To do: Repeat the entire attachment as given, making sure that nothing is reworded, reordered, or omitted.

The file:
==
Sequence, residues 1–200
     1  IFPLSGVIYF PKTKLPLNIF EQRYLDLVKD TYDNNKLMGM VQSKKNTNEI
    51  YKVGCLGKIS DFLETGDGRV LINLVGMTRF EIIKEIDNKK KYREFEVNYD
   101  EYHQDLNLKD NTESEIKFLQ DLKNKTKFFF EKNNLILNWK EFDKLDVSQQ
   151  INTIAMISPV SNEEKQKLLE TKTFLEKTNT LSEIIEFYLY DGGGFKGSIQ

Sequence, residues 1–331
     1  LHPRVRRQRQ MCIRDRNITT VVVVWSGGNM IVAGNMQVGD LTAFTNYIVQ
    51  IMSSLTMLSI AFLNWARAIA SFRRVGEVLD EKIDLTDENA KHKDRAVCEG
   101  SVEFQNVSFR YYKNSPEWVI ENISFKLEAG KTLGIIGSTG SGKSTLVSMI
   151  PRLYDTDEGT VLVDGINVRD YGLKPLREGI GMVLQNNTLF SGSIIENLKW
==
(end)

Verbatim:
Sequence, residues 1–200
     1  IFPLSGVIYF PKTKLPLNIF EQRYLDLVKD TYDNNKLMGM VQSKKNTNEI
    51  YKVGCLGKIS DFLETGDGRV LINLVGMTRF EIIKEIDNKK KYREFEVNYD
   101  EYHQDLNLKD NTESEIKFLQ DLKNKTKFFF EKNNLILNWK EFDKLDVSQQ
   151  INTIAMISPV SNEEKQKLLE TKTFLEKTNT LSEIIEFYLY DGGGFKGSIQ

Sequence, residues 1–331
     1  LHPRVRRQRQ MCIRDRNITT VVVVWSGGNM IVAGNMQVGD LTAFTNYIVQ
    51  IMSSLTMLSI AFLNWARAIA SFRRVGEVLD EKIDLTDENA KHKDRAVCEG
   101  SVEFQNVSFR YYKNSPEWVI ENISFKLEAG KTLGIIGSTG SGKSTLVSMI
   151  PRLYDTDEGT VLVDGINVRD YGLKPLREGI GMVLQNNTLF SGSIIENLKW